RYE, N.Y. – A federal crackdown is being proposed on the theft and resale of metals, such as recent incidents at New York Medical College, Rye Playland, the former United Hospital Center in Port Chester and at a Yonkers storage yard.
A “Metal Theft Prevention Act” that targets scrap metal thieves with a four-point plan was announced by U.S. Sen. Chuck Schumer Monday afternoon at Playland Parkway in Rye.
The spiking price of iron and copper has prompted thieves to steal scrap metal from Westchester County homes, parks, businesses and universities, said Schumer. In Harrison, he said, two brothers were even caught stealing storm drains and manhole covers to resell for a quick buck at metal yards.
“In the past year, hundreds of thousands of dollars worth of metal have been stolen in Westchester County and then they’re sold for scrap metal yards for fast cash,” said Schumer. “Why do the thieves like it? Well, first they like the quick money, and second, there’s no trace of it. As our police in Westchester and the Hudson Valley as well as across the country will tell you, it’s one of the hardest crimes to prosecute because there’s no evidence.”
“Let me just say this about our scrap metal dealers: some of them are very reputable, but many are very not,” Schumer added.
Co-sponsored with Sen. Amy Klobuchar (D-Minn.), “Metal Theft Prevention Act” would require documentation stating that those selling metal to recyclers own the metal or are authorized to sell it. Currently, Westchester County does not require identification for those selling scrap metal. Recognizing that ownership documentation may not be available, Schumer said a sworn affidavit would suffice.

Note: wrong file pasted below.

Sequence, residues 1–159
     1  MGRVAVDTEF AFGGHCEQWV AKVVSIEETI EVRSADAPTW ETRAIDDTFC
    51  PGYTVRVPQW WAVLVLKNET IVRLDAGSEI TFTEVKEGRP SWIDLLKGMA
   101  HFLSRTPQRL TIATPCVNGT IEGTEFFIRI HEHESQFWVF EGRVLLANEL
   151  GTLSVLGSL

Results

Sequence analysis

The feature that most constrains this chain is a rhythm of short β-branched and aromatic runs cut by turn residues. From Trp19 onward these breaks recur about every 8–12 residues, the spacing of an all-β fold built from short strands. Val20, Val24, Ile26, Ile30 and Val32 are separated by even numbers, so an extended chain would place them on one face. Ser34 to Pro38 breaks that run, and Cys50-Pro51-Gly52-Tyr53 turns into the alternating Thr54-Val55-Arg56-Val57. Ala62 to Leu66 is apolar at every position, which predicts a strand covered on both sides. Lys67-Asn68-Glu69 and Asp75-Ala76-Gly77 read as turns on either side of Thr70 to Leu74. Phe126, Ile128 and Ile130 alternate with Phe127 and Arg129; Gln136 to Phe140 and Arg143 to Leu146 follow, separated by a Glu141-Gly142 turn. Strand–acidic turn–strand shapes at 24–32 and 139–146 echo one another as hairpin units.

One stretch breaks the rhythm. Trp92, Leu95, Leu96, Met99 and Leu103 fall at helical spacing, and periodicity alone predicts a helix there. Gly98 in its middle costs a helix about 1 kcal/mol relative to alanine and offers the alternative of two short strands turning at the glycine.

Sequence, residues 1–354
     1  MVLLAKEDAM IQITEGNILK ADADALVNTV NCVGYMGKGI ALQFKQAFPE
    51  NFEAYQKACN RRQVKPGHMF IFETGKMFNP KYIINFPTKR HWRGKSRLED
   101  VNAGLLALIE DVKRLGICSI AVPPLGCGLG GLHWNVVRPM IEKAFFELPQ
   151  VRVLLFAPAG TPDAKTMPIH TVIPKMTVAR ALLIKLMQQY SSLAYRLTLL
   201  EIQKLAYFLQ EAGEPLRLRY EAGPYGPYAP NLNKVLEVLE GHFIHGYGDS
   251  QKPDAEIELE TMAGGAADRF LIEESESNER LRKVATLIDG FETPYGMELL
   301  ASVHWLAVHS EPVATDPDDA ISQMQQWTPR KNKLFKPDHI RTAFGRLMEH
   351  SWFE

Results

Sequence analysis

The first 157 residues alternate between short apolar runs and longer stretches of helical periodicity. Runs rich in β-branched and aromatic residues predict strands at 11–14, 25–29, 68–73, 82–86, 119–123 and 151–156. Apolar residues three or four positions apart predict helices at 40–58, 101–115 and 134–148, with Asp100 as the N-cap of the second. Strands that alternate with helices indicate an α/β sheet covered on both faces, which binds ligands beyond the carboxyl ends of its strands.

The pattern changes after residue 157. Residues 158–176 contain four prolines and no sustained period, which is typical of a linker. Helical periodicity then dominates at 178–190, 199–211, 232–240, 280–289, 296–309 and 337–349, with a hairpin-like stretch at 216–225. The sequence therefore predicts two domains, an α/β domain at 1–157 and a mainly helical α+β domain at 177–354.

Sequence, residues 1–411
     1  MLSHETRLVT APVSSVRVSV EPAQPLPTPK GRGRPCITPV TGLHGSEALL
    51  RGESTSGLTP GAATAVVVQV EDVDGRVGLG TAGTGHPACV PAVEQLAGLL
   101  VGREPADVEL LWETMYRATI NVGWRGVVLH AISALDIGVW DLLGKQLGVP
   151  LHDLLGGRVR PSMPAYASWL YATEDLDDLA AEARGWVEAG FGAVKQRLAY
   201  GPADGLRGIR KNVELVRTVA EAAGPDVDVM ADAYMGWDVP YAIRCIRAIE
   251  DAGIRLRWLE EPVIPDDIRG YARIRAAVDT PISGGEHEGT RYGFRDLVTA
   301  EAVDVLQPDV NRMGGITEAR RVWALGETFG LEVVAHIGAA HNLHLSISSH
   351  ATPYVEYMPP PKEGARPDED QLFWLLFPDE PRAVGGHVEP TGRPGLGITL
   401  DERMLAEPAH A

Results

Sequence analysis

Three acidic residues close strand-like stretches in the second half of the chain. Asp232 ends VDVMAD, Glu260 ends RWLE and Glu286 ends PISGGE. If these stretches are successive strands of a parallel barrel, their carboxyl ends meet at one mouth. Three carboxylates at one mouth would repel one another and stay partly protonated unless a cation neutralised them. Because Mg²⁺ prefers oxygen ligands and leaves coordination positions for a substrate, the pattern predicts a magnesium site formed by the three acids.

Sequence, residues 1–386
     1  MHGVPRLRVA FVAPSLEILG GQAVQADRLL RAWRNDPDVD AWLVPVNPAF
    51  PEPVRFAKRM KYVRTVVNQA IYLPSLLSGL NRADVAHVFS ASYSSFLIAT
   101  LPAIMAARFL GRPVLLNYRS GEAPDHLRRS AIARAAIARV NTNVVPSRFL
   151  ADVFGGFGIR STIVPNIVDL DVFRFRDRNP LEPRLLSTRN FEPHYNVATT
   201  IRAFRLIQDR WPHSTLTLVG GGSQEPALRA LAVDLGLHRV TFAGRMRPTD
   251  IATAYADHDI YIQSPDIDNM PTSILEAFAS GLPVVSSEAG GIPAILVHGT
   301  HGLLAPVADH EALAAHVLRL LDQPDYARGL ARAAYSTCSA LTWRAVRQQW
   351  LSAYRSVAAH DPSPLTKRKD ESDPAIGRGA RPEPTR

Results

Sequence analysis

Second, the bill would require recyclers to keep detailed records on metal purchases. Third, it would cap the amount recyclers can pay for scrap metal at $100 in cash. After that, Schumer says, recyclers would have to pay by check.
“Right now they convert this into this,” said Schumer, demonstrating with a copper pipe and a hundred dollar bill. “They take this metal, they get the hundred dollars and no questions asked. If it had to be a check, if it had to be something that’s traceable, first metal thieves wouldn’t want it, but most importantly the scrap metal dealers – the small number of them that are crooks – would be put out of business.”
Lastly, the bill would create a specific federal crime of stealing metal from critical infrastructure to try to prevent thieves from simply crossing county or state lines.
The provisions of the bill would be enforced by both the U.S. attorney general and state attorneys general. The penalty for breaking any aspect of the law would be decided by the U.S. Sentencing Commission, although Schumer said perpetrators would be handed felony charges.